The English national team would not have a Black player until Viv Anderson stepped on the field for the country in 1978. It was a difficult time for Black soccer players, who often weren’t welcomed into stadiums, in ways that were not at all subtle. In a short documentary by Britain’s Sky Sports, Anderson recounted one match, when he was 17, where fans threw bananas and pears at him as he was warming up. In that same documentary, Brendon Batson, the first Black player to play for Arsenal, recalled a time he received a letter in the mail, and how when he opened it, a bullet fell out. “The letter said … if you put on the white shirt of England, this is for you,” he said.
When I look at the 1966 photograph, the contrast with the English team of today is stark. The squad’s stars include Sterling, an immigrant born in Kingston, Jamaica; Saka, whose parents are Nigerian immigrants; Kyle Walker and Kalvin Phillips, whose fathers are Jamaican; Sancho, whose parents are from Trinidad and Tobago; and Marcus Rashford, whose family comes from the island of Saint Kitts. The list goes on.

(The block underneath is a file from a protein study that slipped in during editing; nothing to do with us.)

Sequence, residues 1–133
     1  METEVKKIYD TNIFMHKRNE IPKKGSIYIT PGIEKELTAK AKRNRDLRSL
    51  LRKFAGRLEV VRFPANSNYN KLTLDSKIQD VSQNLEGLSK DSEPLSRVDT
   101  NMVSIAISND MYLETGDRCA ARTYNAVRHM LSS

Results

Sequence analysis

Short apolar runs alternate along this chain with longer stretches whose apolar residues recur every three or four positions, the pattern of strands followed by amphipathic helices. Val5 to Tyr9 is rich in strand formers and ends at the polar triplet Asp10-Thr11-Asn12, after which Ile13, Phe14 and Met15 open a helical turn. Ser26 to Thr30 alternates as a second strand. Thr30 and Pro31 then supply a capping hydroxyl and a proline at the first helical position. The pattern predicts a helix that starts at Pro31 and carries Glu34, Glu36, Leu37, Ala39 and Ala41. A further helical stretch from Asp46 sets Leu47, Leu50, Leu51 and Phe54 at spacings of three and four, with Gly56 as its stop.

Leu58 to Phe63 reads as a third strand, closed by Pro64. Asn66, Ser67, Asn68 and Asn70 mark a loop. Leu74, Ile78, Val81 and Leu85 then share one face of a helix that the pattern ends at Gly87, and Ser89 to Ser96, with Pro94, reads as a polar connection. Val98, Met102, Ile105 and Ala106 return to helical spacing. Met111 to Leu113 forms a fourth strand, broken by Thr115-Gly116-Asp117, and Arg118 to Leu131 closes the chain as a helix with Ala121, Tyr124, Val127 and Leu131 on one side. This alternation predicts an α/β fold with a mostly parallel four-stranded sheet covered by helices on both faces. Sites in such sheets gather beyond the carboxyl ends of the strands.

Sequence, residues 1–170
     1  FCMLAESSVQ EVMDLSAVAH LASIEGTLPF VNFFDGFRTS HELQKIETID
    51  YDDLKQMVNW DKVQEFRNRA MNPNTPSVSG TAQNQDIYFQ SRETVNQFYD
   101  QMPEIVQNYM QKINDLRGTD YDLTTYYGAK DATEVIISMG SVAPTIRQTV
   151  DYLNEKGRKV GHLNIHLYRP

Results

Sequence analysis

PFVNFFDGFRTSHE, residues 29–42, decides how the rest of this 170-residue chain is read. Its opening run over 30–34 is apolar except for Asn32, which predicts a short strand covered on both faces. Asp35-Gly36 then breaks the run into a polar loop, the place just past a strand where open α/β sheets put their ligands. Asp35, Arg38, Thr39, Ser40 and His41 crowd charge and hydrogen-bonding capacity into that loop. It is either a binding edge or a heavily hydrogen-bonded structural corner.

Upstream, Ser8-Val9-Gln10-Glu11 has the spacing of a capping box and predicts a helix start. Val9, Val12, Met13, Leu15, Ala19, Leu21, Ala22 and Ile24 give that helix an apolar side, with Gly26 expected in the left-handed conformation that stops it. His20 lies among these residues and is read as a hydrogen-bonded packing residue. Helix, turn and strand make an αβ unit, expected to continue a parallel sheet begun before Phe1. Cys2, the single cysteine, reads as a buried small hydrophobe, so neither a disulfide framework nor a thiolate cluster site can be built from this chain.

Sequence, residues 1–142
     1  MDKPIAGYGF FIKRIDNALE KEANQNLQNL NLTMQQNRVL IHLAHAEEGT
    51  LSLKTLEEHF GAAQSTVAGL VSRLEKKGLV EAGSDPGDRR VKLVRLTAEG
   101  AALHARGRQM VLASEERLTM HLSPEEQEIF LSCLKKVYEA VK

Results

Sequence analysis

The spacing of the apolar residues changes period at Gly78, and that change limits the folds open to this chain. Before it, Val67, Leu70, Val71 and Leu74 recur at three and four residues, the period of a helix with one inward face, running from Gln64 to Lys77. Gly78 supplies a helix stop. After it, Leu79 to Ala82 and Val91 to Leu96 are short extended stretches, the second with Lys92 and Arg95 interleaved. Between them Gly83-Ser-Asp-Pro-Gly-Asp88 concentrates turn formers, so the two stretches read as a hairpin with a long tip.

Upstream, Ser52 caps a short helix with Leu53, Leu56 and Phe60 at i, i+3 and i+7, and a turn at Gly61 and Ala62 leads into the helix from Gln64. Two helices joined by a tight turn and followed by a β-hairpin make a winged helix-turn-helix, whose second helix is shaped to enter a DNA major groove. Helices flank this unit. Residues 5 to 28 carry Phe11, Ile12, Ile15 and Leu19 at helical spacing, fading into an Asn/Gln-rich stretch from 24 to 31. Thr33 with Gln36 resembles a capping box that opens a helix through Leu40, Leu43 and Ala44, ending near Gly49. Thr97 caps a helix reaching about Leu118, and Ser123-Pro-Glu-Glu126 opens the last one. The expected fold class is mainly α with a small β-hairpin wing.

In fact, the U.K.’s Migration Museum has shown that without players whose parents or grandparents immigrated to the country, England would have had only three players from its starting lineup on the field in its second-round match against rival Germany.
Still, the Black players on England’s team today continue to be treated by some fans and by some in the press in ways that are conspicuously different from how their white counterparts are treated, if not straightforwardly racist. Sterling in particular, despite dazzling for the national team, has long been subjected to racist press coverage. And as recently as 2018, a video appeared to show a rival spectator shouting racist abuse at Sterling; even his own club’s fans have been banned for doing the same. In the face of such racism, Sterling has not stayed silent. He has called it out—not just for his own sake, but for the sake of all the other Black players across England and Europe.